The book of Jonah is one of those memorable stories in the Bible since it is short (just 4 chapters), dramatic (a big fish swallowing a man and spitting him out on dry land again!) and ends pretty abruptly (we did not get to see Jonah’s final response to the Lord). Some of us may have read the story of Jonah again and again since we were children.
Nonetheless, no matter how many times we may have read it, the Word of God is alive and each time we come to His Word, we can glean new insights from it.
One thing that stood out for me in my last reading of Jonah is how the writer emphasized Jonah’s defiance and wilfulness in running away from God’s command.
It is interesting that Jonah thought that he could escape from God by travelling away from where God had called him to go. He should have known that God is omnipresent. Yet, through the reading of the passage, we saw how determined Jonah was to go in the opposite direction of where God had wanted him to be.
Jonah 1:3 “But Jonah rose to flee to Tarshish from the presence of the Lord. He went down to Joppa and found a ship going to Tarshish. So he paid the fare and went down into it, to go with them to Tarshish, away from the presence of the Lord.” (emphasis mine)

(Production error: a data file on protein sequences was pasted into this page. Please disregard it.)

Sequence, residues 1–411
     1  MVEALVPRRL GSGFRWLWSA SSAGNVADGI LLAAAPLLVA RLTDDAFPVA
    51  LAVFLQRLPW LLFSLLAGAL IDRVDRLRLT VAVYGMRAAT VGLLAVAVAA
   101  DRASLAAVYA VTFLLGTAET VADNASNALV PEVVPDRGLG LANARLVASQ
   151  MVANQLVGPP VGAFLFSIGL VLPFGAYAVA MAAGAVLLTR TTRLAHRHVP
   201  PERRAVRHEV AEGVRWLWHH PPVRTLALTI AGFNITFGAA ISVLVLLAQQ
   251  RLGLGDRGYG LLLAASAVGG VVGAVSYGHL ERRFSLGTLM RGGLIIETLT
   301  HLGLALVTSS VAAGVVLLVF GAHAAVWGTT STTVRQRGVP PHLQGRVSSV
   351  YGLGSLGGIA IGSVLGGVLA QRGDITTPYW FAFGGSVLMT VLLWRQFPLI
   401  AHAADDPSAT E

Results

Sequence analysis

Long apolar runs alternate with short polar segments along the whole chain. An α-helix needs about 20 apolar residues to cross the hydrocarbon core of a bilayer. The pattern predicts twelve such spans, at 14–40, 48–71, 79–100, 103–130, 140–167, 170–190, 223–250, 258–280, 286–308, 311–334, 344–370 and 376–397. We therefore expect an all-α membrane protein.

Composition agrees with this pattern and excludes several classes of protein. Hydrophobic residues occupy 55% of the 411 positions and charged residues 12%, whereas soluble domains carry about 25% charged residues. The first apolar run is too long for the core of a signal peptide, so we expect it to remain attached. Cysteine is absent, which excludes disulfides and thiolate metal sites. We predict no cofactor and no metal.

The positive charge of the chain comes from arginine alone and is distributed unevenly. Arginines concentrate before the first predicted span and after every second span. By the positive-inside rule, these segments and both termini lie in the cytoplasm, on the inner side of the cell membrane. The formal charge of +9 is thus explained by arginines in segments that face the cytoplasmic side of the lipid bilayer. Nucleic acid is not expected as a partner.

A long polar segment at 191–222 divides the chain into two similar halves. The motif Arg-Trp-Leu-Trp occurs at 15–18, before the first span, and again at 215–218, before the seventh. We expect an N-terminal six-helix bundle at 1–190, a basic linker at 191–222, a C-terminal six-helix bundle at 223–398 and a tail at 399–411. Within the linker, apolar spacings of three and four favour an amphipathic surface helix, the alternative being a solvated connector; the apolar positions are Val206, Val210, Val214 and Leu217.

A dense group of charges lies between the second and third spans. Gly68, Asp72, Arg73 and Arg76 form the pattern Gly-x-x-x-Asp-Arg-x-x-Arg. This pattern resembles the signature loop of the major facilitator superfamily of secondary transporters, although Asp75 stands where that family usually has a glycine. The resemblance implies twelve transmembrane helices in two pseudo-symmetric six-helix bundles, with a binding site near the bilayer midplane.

God had called Jonah to preach in Nineveh and call them to repentance. But, Jonah went in the other direction to Tarshish. In one verse alone, Tarshish is mentioned three times, and the act of fleeing and going away was repeated three times as well.
Jonah was not someone who did not know God deeply and disobeyed Him unknowingly. He knew God personally and knew exactly what God wanted him to do, and why.
Jonah 4:2 “…that is why I made haste to flee to Tarshish; for I knew that you are a gracious God and merciful, slow to anger and abounding in steadfast love, and relenting from disaster.”
God had called Jonah to Nineveh so that the people there would repent and turn back to the Lord, resulting in God’s mercy and forgiveness to them. Jonah knew that and did not want the people in Nineveh to be spared from God’s wrath, and so he went the other way.
The irony is that while Jonah was wishing for the people in Nineveh to ‘get their just deserts’, Jonah himself had not received the punishment that he deserved for disobeying God. God showed His mercy on Jonah by rescuing him from the storm and the big fish and also taught him patiently about God’s heart for the lost.
We see that the people in Nineveh, and for Jonah, disobedience can be forgiven and God is waiting for His people to stop running away from Him and turn back to Him.
Are you running away from something you know God is clearly calling you to do?
Maybe it’s time to stop running and start submitting to Him.
You won’t regret it!
Sister Cherlyn Oh